“The amazement that teaching might really be ‘counted’ in promotion is still seen amongst staff. But this last professorial round, academics were promoted on their ‘teaching’-These were staff who were engaged in the L&T communities and enthused by the possibilities of developing exciting new ways of working with students during the beginnings of the L&T ‘revolution’ at UNSW.”—Associate Dean, 2009

This is not the place to describe the process in detail but there were a few features that may be useful to those wishing to enhance their promotion practices to better recognize good teaching. Another pragmatic fact is that promotion procedures can also be a driver for achieving better teaching and should be an essential part of a systemic approach to teaching effectiveness as described below.

  • Applicants nominate a weighting, within a prescribed range, they want to ascribe to teaching, research and teaching. This allowed a staff member to nominate teaching as their main criterion for promotion.

  • All applicants have to include a teaching portfolio of at least six pages. This included headings such as the “rationale behind your approach to learning and teaching”. This section has the power to influence even those who are putting research achievement as their main contribution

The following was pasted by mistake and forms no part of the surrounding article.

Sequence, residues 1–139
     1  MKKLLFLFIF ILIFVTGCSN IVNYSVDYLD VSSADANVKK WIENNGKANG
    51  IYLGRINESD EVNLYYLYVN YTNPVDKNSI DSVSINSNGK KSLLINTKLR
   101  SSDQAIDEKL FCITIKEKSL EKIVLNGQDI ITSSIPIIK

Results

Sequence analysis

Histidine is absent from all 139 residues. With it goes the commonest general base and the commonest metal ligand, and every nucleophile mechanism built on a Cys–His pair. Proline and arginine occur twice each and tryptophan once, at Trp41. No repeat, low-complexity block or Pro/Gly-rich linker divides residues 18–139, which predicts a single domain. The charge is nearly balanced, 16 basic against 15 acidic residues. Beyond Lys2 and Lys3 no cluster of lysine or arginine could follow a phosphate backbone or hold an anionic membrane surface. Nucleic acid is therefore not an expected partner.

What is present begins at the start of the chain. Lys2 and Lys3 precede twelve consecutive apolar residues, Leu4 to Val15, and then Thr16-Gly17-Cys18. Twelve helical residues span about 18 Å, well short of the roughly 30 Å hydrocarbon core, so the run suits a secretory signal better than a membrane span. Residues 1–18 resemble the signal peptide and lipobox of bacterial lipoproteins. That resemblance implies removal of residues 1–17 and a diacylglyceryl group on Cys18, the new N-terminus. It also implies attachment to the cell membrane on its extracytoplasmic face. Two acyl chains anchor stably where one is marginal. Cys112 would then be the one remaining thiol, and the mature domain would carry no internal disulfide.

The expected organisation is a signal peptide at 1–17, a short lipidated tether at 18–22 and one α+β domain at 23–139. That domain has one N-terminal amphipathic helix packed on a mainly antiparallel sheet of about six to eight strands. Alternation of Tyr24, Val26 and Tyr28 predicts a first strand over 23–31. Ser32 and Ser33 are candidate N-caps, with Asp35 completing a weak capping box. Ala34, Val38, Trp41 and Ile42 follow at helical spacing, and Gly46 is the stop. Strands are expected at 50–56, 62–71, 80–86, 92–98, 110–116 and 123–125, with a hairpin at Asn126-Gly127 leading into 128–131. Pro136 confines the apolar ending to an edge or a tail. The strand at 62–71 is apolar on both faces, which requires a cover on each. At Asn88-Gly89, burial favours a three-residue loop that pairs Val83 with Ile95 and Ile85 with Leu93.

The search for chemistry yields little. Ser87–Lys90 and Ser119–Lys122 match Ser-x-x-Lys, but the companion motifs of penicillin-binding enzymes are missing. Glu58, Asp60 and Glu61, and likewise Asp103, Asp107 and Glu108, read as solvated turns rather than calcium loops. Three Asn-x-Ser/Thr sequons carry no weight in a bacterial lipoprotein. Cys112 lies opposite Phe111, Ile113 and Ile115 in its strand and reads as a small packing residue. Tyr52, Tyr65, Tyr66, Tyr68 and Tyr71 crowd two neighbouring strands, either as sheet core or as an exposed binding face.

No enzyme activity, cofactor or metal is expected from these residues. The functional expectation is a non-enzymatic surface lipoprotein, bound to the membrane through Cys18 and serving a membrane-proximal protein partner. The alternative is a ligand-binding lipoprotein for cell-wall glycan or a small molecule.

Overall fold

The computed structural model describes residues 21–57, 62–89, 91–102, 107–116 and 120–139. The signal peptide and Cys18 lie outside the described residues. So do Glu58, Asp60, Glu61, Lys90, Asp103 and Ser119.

• All Faculties have to have a Faculty learning and teaching review panel. These panels are responsible for evaluating teaching portfolios, submitted in conjunction with an application for promotion, when applicants have assigned a weighting of 50% or more to their teaching. The panels are required to provide confidential written evaluations for each applicant for the consideration of members of Faculty Promotion Committees and University Promotion Committees. The evaluation must be attached to a cover sheet that includes the names of the members of the corresponding Faculty learning and teaching review panel, and is signed by the Presiding Member and all panel members. This was the breakthrough. Evidence of excellence in teaching became based on genuine peer review, as is research. No longer were student evaluations the sole criterion.

  • Support for Faculty learning and teaching review panels and for academic promotion panels in general is critical. To support staff in articulating their case for teaching without similarly supporting panel members in judging the evidence produced is neither ethical nor effective. Much work was put into the development of workshops for these panels and they were well received by participants.